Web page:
expr 5 / 4

returns 1, while

expr 5 / 4.0
expr 5 / ( [string length "abcd"] + 0.0 )

both return 1.25. Floating-point values are always returned with a ``.'' or an e so that they will not look like integer values. For example,

expr 20.0/5.0

returns 4.0, not 4.


String values may be used as operands of the comparison operators, although the expression evaluator tries to do comparisons as integer or floating-point when it can, i.e., when all arguments to the operator allow numeric interpretations, except in the case of the eq and ne operators. If one of the operands of a comparison is a string and the other has a numeric value, the numeric operand is converted back to a string using the C sprintf format specifier %d for integers and %g for floating-point values. For example, the commands

expr {"0x03" > "2"}
expr {"0y" > "0x12"}

both return 1. The first comparison is done using integer comparison, and the second is done using string comparison. Because of Tcl's tendency to treat values as numbers whenever possible, it isn't generally a good idea to use operators like == when you really want string comparison and the values of the operands could be arbitrary; it's better in these cases to use the eq or ne operators, or the string command instead.


Enclose expressions in braces for the best speed and the smallest storage requirements. This allows the Tcl bytecode compiler to generate the best code.

As mentioned above, expressions are substituted twice: once by the Tcl parser and once by the expr command. For example, the commands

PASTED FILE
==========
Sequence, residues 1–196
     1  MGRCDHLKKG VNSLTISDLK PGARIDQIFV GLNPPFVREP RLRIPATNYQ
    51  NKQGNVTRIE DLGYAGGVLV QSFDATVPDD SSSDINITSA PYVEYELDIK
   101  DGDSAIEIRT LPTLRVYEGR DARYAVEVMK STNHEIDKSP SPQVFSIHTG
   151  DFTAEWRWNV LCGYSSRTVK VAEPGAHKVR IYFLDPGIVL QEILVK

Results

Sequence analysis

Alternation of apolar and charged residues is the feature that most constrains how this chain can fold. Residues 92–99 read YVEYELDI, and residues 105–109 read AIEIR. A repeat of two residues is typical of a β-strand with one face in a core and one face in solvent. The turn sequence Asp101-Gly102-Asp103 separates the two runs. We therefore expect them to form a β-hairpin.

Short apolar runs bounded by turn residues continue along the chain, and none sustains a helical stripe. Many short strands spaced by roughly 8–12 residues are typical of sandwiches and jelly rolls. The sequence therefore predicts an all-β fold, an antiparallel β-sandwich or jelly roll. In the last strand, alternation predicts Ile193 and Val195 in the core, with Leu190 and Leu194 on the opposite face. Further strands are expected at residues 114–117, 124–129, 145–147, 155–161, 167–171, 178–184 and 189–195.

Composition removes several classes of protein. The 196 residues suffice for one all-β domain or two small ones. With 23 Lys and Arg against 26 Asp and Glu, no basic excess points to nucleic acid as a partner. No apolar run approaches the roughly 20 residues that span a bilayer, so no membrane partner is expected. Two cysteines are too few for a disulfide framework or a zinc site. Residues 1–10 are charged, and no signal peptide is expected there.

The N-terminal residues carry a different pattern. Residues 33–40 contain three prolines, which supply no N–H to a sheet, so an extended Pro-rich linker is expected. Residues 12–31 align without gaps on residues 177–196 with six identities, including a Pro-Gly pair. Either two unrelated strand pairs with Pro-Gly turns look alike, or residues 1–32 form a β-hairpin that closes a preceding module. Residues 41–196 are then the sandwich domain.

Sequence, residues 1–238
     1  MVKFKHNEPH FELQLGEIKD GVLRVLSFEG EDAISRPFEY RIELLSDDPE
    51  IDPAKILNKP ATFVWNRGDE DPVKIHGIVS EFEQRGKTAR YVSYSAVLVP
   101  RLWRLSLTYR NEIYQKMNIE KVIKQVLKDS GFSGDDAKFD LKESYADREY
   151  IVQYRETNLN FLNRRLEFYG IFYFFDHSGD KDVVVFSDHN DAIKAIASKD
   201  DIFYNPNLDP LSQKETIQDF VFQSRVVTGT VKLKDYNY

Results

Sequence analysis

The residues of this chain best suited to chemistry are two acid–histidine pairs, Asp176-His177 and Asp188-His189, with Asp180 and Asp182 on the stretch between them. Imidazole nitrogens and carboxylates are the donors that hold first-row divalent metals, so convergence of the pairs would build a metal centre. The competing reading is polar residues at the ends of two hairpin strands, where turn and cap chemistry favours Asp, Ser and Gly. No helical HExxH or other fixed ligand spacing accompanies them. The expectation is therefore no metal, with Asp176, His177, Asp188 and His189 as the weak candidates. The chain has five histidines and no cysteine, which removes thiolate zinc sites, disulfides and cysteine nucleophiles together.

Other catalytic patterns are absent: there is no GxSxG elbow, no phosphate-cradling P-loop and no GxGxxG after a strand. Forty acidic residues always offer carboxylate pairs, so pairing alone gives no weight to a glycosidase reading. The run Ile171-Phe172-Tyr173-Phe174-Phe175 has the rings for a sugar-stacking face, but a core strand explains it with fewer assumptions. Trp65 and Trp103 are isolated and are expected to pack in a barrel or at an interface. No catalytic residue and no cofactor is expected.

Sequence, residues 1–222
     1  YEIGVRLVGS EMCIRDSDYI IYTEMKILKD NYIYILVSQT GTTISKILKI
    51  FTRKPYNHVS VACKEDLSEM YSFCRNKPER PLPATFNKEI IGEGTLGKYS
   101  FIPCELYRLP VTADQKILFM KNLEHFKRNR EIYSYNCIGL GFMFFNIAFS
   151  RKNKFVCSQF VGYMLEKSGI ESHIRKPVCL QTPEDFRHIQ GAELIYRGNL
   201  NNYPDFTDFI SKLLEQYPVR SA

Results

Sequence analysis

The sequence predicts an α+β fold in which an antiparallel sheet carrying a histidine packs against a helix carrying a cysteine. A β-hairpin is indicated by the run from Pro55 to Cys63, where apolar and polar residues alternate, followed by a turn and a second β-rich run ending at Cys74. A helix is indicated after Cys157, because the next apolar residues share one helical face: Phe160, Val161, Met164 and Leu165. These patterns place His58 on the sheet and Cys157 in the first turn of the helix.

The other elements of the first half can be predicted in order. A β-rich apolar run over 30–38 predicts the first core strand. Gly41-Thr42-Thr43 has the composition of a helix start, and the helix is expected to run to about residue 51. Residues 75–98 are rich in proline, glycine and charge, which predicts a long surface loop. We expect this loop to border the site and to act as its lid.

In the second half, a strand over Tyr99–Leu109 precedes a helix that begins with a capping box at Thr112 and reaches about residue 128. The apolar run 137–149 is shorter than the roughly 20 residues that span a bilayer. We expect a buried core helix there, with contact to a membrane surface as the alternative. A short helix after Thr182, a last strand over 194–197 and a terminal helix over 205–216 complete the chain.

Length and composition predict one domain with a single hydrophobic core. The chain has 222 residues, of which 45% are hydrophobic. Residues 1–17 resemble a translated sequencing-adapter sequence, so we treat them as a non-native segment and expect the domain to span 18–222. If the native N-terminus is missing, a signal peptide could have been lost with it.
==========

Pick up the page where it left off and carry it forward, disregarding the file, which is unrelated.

set a 3
set b {$a + 2}
expr $b*4

return 11, not a multiple of 4. This is because the Tcl parser will first substitute $a + 2 for the variable b, then the expr command will evaluate the expression $a + 2*4.

Most expressions do not require a second round of substitutions. Either they are enclosed in braces or, if not, their variable and command substitutions yield numbers or strings that don't themselves require substitutions. However, because a few unbraced expressions need two rounds of substitutions, the bytecode compiler must emit additional instructions to handle this situation. The most expensive code is required for unbraced expressions that contain command substitutions. These expressions must be implemented by generating new code each time the expression is executed.


Define a procedure that computes an "interesting" mathematical function:
proc calc {x y} {
    expr { ($x*$x - $y*$y) / exp($x*$x + $y*$y) }

Convert polar coordinates into cartesian coordinates:

# convert from ($radius,$angle)
set x [expr { $radius * cos($angle) }]
set y [expr { $radius * sin($angle) }]

Convert cartesian coordinates into polar coordinates:

# convert from ($x,$y)
set radius [expr { hypot($y, $x) }]
set angle  [expr { atan2($y, $x) }]

Print a message describing the relationship of two string values to each other:

puts "a and b are [expr {$a eq $b ? {equal} : {different}}]"

Set a variable to whether an environment variable is both defined at all and also set to a true boolean value:

set isTrue [expr {
    [info exists ::env(SOME_ENV_VAR)] &&
    [string is true -strict $::env(SOME_ENV_VAR)]

Generate a random integer in the range 0..99 inclusive:

set randNum [expr { int(100 * rand()) }]


arithmetic, boolean, compare, expression, fuzzy comparison